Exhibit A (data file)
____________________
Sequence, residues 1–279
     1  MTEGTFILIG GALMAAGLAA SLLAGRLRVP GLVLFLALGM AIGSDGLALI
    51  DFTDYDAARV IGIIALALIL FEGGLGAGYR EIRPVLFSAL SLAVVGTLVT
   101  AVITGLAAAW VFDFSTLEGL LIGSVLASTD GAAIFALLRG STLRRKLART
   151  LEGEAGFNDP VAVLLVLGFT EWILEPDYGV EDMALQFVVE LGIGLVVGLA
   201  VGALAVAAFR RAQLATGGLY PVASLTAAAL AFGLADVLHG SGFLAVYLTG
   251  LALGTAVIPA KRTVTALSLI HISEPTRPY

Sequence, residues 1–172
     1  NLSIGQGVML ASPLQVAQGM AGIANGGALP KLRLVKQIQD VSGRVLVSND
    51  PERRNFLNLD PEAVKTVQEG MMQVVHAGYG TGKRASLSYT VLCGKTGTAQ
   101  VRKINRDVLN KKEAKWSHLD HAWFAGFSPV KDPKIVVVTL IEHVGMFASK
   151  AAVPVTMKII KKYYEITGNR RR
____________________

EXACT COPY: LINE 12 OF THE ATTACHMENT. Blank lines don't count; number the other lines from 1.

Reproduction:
   151  AAVPVTMKII KKYYEITGNR RR